develop new product lines and extensions.

We may not be able to implement our growth strategy successfully. Our sales and operating results will be adversely affected if we fail to implement our growth strategy or if we invest resources in a growth strategy that ultimately proves unsuccessful.

If we fail to develop and maintain our brand, our business could suffer.

We believe that developing and maintaining our brand is critical to our success. The importance of our brand recognition may become greater as competitors offer more products similar to ours. Our brand-building activities involve increasing awareness of our brand, creating and maintaining brand loyalty and increasing the availability of our products. If our brand-building activities are unsuccessful, we may never recover the expenses incurred in connection with these efforts, and we may be unable to implement our business strategy and increase our future sales.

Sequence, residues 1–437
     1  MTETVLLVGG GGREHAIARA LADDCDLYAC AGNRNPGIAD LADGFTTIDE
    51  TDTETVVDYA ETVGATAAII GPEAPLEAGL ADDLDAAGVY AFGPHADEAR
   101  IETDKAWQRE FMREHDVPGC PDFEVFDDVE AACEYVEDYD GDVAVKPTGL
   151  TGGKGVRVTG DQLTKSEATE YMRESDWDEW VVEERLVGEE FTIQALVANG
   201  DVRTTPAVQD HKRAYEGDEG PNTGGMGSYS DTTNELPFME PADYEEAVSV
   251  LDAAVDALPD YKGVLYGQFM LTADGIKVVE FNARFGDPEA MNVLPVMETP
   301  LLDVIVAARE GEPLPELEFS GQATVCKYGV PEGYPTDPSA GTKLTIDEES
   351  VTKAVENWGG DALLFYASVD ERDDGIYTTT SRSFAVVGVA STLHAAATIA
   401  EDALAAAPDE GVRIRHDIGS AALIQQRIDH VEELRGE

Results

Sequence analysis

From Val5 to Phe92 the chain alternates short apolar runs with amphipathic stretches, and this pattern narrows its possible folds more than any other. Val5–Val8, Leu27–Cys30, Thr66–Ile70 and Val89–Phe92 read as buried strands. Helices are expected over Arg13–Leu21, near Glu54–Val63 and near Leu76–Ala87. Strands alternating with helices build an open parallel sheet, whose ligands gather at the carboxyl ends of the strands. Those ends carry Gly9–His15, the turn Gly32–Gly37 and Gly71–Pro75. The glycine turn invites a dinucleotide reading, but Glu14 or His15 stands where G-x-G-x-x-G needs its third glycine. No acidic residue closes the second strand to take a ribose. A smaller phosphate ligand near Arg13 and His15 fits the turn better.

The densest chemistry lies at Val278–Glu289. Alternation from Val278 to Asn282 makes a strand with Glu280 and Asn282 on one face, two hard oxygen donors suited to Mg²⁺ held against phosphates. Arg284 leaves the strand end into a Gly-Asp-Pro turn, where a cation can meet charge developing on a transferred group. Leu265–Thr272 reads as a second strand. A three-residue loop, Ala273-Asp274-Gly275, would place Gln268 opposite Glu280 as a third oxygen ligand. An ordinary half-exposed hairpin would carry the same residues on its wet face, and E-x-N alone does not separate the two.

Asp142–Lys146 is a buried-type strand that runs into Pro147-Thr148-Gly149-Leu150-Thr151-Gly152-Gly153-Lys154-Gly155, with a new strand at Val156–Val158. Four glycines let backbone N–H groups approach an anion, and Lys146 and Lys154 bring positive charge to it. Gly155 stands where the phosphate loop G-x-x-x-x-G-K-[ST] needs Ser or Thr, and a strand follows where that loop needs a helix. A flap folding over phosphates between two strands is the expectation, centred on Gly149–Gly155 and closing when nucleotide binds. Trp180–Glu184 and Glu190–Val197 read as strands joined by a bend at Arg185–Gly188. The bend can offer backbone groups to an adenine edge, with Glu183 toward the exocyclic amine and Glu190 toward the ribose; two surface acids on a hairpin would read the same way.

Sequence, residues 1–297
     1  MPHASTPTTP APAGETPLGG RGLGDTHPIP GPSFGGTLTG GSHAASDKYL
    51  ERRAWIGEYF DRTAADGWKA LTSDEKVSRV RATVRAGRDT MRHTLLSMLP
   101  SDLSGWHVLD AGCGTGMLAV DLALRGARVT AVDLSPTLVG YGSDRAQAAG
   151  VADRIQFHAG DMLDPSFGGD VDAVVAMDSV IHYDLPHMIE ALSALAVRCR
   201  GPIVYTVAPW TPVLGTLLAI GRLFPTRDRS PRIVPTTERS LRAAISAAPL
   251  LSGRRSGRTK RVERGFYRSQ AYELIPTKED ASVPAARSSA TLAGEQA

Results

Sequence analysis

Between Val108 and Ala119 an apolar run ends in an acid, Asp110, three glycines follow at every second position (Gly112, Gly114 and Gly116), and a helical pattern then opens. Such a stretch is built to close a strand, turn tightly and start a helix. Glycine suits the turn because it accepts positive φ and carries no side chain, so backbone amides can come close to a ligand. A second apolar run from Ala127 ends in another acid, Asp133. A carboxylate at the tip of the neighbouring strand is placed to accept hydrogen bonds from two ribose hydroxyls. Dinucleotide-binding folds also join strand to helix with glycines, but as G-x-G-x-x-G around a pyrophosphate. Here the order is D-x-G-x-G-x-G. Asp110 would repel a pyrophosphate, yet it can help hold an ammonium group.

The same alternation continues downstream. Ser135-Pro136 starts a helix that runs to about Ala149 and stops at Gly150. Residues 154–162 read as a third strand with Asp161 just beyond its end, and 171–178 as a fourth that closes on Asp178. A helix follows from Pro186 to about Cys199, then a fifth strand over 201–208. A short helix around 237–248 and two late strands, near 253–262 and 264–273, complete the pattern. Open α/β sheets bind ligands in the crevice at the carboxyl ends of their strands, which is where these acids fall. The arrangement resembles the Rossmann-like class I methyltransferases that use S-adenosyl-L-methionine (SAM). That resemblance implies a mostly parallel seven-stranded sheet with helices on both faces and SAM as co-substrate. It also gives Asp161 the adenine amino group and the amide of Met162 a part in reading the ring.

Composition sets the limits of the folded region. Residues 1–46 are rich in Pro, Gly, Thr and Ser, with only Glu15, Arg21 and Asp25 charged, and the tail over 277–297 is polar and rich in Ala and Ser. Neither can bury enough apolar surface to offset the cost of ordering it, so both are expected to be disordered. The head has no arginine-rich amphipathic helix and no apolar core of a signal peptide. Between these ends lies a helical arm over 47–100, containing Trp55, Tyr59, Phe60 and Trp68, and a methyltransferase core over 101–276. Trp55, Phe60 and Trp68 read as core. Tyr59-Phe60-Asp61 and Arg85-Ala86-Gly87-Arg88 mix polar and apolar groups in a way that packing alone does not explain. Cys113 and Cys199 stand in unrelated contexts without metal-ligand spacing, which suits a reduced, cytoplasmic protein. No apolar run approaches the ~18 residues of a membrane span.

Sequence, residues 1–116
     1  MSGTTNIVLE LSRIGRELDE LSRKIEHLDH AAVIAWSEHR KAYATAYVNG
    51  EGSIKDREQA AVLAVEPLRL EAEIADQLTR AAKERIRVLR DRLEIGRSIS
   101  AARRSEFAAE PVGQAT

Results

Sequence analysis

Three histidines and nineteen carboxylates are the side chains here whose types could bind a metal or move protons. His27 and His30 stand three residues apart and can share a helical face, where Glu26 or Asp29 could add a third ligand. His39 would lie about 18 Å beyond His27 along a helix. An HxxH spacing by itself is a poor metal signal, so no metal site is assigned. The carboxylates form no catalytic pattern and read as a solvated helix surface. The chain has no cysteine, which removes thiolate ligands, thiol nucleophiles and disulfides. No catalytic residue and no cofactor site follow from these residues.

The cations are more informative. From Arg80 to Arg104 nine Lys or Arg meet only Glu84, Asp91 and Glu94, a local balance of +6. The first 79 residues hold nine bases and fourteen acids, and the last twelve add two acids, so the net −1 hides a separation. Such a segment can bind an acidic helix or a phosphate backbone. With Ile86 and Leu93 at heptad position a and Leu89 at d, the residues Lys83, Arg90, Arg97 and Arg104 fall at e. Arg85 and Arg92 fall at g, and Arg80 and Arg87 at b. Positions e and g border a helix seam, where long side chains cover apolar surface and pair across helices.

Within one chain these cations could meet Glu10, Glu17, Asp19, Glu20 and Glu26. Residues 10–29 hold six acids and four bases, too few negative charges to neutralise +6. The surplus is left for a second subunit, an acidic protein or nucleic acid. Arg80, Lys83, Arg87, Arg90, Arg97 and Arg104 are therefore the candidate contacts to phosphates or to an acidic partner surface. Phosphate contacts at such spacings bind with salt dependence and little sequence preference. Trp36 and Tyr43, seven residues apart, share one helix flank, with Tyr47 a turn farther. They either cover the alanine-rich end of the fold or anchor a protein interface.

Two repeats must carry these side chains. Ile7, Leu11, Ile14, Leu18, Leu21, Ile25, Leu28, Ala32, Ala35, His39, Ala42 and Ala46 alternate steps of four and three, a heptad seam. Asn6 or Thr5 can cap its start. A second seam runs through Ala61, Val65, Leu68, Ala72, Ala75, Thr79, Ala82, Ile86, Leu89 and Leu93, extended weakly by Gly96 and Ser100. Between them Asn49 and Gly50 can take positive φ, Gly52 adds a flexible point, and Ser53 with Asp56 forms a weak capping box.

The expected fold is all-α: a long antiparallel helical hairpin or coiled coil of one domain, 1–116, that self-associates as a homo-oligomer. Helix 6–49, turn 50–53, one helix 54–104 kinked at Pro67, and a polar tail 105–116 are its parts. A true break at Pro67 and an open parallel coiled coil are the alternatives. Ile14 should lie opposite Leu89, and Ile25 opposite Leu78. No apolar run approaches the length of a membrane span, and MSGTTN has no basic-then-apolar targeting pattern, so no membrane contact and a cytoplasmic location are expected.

Our brand and reputation may be diminished due to real or perceived quality or health issues with our products, which could have an adverse effect on our business and operating results.

We believe our consumers rely on us to provide them with high-quality natural and organic food products. Concerns regarding the ingredients used in our products or the safety or quality of our products or our supply chain may cause consumers to stop purchasing our products, even if the basis for the concern is unfounded, has been addressed or is outside of our control. Although we believe we have a rigorous quality control process, there can be no assurance that our products will always comply with the standards set for our products. For example, although we strive to keep our products free of genetically modified organisms, they may not be easily detected